If your finance department isn’t as efficient, quick, or flexible as you want it to be, which element is to blame: people, processes, or technology?
It’s a trick question, or course. In any business — and especially in finance — these three elements are inextricably linked to each other. In order to transform your finance department, you have to take a holistic view. It’s important to understand how each element interacts with the others to make changes that improve all three.
Finance consultant Kenneth Fick has spent years studying how all the moving pieces fit together in the finance department. As the Senior Manager of MorganFranklin Consulting and President/CEO of Pierce the Fog Consulting, he has a wealth of practical experience in helping finance departments increase efficiency and expand their role in their organizations.
In this interview, Fick shares what finance leaders need to know to take their department to the next level.
Prophix: How can finance leaders leverage people, process and technology to work more efficiently?
Well, people, process and technology is the Golden Triangle of virtually every business initiative on the planet. But far too often leaders focus most of their attention on only one leg of that three-legged stool.
For example when, any process in finance, accounting or beyond is perceived to be underperforming, the natural reaction is to blame one of the three, as opposed to seeing the breakdown of all three within the chain. What I’ve seen, personally, is that it’s never just one thing. For example, people love to blame technology, but really it’s a combination of all three at different points.
Not all of the elements need to be replaced at the same time, but you have to take a look at everything in an overarching sense. Perhaps the issue is poorly designed user interface. I’ve seen that before with good technology. Or the process was designed for an old business model and is no longer applicable.
Personally, I prefer the development of a process analysis first that identifies issues and can correct or mitigate them. Then see what can be done about the people and the technology from there.
Prophix: How do you get people to work more efficiently with the technology you have invested in?
You have to understand behavioral economics. There are these very powerful finance software solutions, and people leverage less than 50 percent of what they can do. They’re infinitely customizable, but it’s like working with a blank piece of paper. It’s like writing a novel: it’s so difficult because you start with nothing, and you have to develop it from there. Giving users guidance into what needs to be done next and how to do it is a great way for the Office of Finance to add greater value.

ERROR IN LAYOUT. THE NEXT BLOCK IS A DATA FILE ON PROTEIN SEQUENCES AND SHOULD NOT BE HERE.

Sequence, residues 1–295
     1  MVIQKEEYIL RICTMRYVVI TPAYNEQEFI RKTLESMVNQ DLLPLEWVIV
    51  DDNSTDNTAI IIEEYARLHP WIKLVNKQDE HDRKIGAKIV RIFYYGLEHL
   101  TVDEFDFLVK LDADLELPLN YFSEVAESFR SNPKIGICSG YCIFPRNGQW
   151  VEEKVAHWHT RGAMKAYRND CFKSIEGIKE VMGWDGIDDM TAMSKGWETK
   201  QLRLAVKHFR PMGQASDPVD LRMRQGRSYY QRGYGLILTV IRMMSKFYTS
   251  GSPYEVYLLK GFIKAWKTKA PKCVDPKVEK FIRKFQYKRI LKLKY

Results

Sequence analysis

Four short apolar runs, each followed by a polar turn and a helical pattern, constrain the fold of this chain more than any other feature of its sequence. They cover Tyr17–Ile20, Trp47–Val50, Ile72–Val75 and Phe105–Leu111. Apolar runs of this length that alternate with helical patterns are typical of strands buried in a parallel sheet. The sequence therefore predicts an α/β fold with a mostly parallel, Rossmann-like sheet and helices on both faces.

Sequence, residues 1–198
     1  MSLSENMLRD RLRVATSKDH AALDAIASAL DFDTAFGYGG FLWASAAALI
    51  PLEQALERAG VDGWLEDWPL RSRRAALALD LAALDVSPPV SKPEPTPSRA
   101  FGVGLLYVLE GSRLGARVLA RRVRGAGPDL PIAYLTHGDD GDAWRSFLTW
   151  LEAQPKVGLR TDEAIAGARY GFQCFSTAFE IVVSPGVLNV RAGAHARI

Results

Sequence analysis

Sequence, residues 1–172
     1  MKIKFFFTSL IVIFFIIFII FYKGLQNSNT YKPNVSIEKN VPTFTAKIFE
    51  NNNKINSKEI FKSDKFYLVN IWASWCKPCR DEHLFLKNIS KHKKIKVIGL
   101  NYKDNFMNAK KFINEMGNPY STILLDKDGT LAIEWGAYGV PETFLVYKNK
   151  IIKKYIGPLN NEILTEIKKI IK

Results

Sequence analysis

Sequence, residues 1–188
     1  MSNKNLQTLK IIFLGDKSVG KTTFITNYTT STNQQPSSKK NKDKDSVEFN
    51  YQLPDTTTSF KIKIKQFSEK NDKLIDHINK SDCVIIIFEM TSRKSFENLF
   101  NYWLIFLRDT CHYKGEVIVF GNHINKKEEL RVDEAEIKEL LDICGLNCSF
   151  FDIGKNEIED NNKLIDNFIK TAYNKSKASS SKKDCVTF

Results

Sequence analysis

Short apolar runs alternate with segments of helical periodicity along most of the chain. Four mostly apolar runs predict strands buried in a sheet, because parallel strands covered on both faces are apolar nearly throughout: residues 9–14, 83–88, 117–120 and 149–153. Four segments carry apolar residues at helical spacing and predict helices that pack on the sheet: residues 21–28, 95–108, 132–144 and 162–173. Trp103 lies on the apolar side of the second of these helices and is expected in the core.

Prophix: Do you believe there is a single source of data truth? If not, how can we get closer to that ideal?
I don’t think there is a single source of truth. The answer is simple, but it’s hard to do: we need to get comfortable with ambiguity. We’re trained not to be comfortable with ambiguity. We get very excited when journal entries tie together, when you can have everything locked down. But to unlock the next level of data, you have to understand that imperfection is part of the game.[bctt tweet=”“To unlock the next level of data, you have to understand that imperfection is part of the game.” says @PTFofBusiness” username=”prophix”]
Right now we’re collecting a whole bunch of data, but we don’t know how to use it. All we know is we need to collect it. So everyone says, “Big data, big data. OK I got all this information, well how do I use it?”
First, understand the data is not perfect. But in actuality, imperfect data is gold. It’s all in how you can cleanse that data, while understanding that the future is fuzzy. You know, it’s the “fog of war.” You have to try to pierce that fog by taking data points externally and internally in order to derive the quality and insight that you need to plan the business, plan profitability, and plan operations to support the supply chain.
Prophix: What does the ‘people’ part of the equation look like to you? What kind of talent should finance leaders be looking to hire?
It goes back to my previous answer, you know, being comfortable with ambiguity. Look for people who are comfortable with things that aren’t perfect. Beyond that, natural curiosity is a skill I look for in hiring for high-performing organizations. Why? Why are we doing things this particular way? Why don’t our numbers look that particular way?
With the right people you can look at processes. You can get past that, “this is how it always has been done, because there was a customer that required it years ago, and we just never stopped.” There are so many people on archaic systems, and I think that natural curiosity, that asking and wondering why, trying to understanding the story and the background, that investigation is really going to add value to their organization.